The answer relates to my theory about performing any cover song live. That theory stipulates that if you are going to play a song that has been done before, your performance had better really be something.
If it's a rockin' song, you had better plan on rockin' out at least as much as the original did, if not more.
If it's a subtle song, you had better plan on making a beautiful musical statement -- and keeping your audience enticed the whole way through.
Anything short of that, and there was no purpose in you attempting to do the song in the first place.
So, when it comes to playing Led Zeppelin's music, there's an awful lot to live up to. It is my favorite group, and it had four of the most amazing performers playing some of the greatest rock songs ever. How can you even touch that?
Luckily, I have been in a band for the last few years that has pulled off a rockin' version of "Kashmir." I was doubtful when the song was first suggested that we could pull it off anything like Led Zeppelin did. But it turns out that we rock it out as well as some live renditions. Good enough for me!
We've also played "Immigrant Song," but our renditions don't rock quite as hard as any by Led Zeppelin. That's one that I think ought to be dropped from the set list.
Our bass player felt the same way about the Rush song "Red Barchetta." He loves Rush, and that's one of his favorite songs of all time. But after we rehearsed it for about a year, he insisted that we were still to rough and the song needed to be dropped. Dude almost quit the band over it!
A few hours ago, I was at an open mic night in Alexandria, Va., for no other reason than to find out if this drummer who e-mailed me today is any good. The open mic night was run by a bandmate of his, this dude named Eric. I found out about the open mic night when I was researching the drummer, and I figured showing up and asking for a recommendation would just be, naturally, another part of my research on the drummer.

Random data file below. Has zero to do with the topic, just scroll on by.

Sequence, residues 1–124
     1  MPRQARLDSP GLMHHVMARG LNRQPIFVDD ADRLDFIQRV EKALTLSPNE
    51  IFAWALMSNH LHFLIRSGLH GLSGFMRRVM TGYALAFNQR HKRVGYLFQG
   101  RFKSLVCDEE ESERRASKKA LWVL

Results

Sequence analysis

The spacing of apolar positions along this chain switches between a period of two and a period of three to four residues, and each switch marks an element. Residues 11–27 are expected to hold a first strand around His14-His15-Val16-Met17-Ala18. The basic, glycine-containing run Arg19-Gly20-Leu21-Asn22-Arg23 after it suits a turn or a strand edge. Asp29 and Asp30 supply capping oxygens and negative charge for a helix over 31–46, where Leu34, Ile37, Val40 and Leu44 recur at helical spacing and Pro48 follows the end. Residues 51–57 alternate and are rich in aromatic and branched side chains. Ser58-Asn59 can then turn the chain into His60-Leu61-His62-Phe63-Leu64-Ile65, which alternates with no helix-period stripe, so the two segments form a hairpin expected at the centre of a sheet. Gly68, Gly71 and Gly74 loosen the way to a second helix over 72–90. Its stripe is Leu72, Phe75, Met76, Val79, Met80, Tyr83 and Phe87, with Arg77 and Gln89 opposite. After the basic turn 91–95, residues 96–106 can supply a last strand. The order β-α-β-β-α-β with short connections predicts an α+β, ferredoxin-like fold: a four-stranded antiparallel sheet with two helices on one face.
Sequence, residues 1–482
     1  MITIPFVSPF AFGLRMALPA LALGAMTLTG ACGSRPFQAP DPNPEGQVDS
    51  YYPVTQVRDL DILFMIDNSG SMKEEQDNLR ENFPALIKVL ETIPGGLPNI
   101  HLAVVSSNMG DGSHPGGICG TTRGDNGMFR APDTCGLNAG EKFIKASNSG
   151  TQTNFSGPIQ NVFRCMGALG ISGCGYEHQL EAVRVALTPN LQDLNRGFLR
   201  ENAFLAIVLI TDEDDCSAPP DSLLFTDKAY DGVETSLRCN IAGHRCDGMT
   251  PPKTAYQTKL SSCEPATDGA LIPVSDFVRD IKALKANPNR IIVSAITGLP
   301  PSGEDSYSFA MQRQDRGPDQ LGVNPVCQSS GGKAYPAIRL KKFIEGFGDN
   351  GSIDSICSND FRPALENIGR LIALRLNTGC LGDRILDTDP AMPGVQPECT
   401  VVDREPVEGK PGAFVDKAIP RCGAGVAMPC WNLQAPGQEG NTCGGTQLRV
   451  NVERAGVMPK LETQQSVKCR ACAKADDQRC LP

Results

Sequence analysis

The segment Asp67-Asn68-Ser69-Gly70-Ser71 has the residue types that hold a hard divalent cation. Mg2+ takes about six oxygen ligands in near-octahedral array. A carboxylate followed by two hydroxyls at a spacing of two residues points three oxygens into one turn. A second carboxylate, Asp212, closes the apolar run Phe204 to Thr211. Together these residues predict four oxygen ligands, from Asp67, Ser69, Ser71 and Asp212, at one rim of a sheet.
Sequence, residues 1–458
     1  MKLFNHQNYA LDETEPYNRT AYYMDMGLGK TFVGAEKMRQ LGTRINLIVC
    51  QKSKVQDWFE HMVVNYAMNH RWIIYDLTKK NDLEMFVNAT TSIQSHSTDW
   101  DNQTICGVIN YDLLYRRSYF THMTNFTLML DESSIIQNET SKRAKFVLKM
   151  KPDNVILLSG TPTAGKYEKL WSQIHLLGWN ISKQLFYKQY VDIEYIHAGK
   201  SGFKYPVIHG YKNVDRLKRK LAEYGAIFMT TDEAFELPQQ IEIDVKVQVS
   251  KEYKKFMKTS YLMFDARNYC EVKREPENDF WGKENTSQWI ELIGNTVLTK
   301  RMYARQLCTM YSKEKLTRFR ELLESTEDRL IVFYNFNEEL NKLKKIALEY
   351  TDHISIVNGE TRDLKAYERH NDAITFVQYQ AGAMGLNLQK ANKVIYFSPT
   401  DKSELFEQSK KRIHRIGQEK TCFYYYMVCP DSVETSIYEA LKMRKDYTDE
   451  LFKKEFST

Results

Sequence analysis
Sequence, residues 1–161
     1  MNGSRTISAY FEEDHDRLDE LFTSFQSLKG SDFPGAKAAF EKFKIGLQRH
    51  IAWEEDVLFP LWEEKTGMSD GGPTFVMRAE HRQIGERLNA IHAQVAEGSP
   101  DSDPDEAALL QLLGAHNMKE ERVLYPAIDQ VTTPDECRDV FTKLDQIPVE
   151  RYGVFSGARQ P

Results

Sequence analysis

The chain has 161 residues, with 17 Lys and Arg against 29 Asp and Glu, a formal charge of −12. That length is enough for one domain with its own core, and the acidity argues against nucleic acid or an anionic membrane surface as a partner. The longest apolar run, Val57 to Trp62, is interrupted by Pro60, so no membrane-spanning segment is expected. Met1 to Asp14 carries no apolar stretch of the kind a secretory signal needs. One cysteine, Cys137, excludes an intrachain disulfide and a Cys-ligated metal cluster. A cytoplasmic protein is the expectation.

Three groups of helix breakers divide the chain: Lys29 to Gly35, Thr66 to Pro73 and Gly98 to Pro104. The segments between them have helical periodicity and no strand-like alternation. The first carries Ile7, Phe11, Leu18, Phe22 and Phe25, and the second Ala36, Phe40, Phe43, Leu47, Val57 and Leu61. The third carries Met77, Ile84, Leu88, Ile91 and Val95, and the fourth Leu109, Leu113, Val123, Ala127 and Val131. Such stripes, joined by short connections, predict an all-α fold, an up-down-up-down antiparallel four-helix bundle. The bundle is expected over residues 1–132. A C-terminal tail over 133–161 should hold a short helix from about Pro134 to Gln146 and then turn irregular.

Well, turns out the drummer was there, and I didn't even know it at the time! That's what I found out when I asked the open mic night guy if he knew of any drummers who might be looking for a new band. He mentioned a friend of his, whose name matched up with that of the guy who had e-mailed me. I didn't let on that these guys were one and the same, so I could get an honest opinion about this guy. He raved about the drummer and said they had been playing together for a long time. My brain went ding-ding-ding!
I asked about the guy I had just seen leave a few minutes earlier, carrying a conga drum. Turns out that was this drummer, and I didn't get to speak with him! It's a shame, too, because I had almost chased him down outside to ask if that conga drum meant he was a drummer and happened to be looking for a band. Little did I know that this guy I almost tracked down outside was the guy I was researching all along.